A raven descends over the road in swathes, flying back and forth until finally it perches on the railing, enormous, and so glossy black that it looked mostly white in the sunlight.
Descending the hills, the roadside had a bank of brush showing no new branches, but flushed with red, and overhead a hawk soared, its wings outstrethced with every feather separate, like a finger.
Abruptly, a cherry tree is blossoming. Most of it is the dark pink buds along every bough and branch, but some already show the open, pale pink bloom.
Rain hammers hard against the windows. I think it sounds like pellets, but whenever I look, there are raindrops. I look out, later, at the cars, and think they may have snow on them -- but it's the skylight with accumulated snow that convinces me.
A deer nibbles in the greenery in a clearing. Its sides are shaggy, not smooth, with spring.
The clouds make the day dark, the bark of all the trees, boughs and trunk, is so dark as to look black, and a few saplings with leaves bleached utterly white over the winter.
Against the gray clouds, a rainbow arches, pale in its color, and low in the sky.
From the thick black clouds over distant hills, rain falls. Thickly, looking like bands of smoke rising up.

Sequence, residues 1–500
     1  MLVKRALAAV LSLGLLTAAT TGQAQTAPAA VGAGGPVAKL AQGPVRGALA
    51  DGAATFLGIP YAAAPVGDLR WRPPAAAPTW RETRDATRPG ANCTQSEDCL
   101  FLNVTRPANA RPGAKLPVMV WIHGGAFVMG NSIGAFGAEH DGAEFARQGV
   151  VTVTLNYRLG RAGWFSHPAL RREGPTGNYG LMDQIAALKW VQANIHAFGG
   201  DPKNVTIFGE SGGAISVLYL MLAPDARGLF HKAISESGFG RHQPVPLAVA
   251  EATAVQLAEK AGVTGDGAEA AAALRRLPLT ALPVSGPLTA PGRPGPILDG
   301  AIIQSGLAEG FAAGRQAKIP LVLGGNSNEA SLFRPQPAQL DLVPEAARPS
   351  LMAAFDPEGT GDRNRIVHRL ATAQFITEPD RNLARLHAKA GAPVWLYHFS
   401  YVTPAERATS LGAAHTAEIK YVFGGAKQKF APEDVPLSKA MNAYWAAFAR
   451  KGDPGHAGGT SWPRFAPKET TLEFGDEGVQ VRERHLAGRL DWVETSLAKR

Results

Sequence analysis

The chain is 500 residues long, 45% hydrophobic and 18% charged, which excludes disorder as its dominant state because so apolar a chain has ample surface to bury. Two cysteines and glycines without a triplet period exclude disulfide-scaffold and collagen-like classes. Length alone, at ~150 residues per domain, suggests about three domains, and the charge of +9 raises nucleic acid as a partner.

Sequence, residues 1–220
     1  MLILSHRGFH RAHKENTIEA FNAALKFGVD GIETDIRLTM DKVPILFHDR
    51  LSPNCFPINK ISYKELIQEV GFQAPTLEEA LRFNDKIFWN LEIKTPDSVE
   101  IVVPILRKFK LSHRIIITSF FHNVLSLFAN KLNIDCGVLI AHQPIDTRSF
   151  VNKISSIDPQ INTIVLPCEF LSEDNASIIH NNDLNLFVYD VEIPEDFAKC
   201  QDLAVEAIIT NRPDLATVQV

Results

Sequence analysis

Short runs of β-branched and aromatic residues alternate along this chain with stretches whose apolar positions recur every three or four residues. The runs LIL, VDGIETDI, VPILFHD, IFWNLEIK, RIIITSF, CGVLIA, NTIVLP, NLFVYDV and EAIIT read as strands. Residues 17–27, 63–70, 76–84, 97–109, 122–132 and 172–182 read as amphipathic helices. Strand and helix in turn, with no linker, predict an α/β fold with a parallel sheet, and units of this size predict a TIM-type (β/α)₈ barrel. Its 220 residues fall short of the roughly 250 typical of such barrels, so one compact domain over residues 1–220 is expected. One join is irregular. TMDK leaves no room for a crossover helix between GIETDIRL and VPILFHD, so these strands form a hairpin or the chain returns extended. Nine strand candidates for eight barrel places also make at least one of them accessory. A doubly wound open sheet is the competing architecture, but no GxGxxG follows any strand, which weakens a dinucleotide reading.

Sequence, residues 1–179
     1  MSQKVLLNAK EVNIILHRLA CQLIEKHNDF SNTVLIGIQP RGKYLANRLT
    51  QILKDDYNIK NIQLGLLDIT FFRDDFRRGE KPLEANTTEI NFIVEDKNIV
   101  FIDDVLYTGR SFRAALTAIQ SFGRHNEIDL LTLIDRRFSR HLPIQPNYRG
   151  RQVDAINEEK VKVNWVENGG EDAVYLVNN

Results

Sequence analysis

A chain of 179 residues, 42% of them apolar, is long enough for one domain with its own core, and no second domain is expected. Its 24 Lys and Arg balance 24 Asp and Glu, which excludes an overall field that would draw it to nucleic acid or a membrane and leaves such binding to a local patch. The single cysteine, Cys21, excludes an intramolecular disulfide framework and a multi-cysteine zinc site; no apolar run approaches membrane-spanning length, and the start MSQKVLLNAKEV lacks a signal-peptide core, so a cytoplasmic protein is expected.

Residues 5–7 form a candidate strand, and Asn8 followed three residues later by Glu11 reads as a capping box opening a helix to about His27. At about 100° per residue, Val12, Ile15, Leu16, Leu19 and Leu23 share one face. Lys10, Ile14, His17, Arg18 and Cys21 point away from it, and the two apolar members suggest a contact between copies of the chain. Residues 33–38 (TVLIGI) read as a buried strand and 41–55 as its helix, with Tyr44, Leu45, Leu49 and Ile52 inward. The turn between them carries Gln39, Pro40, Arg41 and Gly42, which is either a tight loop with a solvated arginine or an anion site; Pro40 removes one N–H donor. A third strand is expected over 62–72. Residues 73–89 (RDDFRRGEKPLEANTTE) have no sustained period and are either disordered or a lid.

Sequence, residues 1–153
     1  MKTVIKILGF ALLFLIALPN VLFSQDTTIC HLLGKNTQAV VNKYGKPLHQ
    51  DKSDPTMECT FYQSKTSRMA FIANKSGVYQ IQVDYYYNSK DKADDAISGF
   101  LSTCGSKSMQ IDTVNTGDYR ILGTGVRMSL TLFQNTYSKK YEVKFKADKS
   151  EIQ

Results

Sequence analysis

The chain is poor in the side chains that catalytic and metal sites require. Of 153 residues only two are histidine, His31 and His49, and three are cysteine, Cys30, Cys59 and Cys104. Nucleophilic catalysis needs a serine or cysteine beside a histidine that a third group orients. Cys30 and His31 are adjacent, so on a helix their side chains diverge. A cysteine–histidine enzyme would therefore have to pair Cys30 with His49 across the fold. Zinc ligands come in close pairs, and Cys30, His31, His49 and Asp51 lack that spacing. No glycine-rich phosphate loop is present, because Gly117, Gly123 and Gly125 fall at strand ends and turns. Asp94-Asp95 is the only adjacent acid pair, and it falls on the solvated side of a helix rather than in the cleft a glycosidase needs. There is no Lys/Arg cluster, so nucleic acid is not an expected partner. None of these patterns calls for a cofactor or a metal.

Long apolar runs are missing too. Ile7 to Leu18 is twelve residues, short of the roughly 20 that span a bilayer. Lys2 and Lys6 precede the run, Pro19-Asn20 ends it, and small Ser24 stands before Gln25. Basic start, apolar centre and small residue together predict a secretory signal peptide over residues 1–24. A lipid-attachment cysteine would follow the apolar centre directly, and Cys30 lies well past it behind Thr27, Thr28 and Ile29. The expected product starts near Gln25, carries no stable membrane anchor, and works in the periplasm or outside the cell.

The first gill-over-the-ground is low and purple in odd corners; under the tress, the periwinkle plants engulfs all the forest floor in green, starred with blue flowers; among the dead leaves in a stand of trees, the feral daffodils bloom yellow.
How tiny the new rabbits are. Smaller than squirrels, even with all their fluff in its variegated grays and browns
Spring thickens with flowers. Here and there a tree in pink, a bush in purple or yellow, a stand of hyacinth in pink or purple, and everywhere daffodils -- sometimes yellow, sometimes creamy, sometimes yellow and tiny.
Looking into the leafless forest, where saplings stand pale in the unfallen leaves bleached to whiteness over the whiter -- I blink. There is a tree in white there, that might be blossom. Too soon for dogwood, as I thought at first, but could be a feral cherry tree.
I see my first violets growing, of course, in a lawn (I haven't seen violets for sale, I note), and their petals are mixed white and purple.
A rain day turns branches stark black. Against it, the bushes have vivid leaves in palest green, and a cherry tree is white with black tracery, and another hot pink against the black.
A tree has, it looks like, dogwood flowers, a cluster of white about a dark center, but it comes clear: those are actually budding white flowers about the dark center of rain-dampened twig.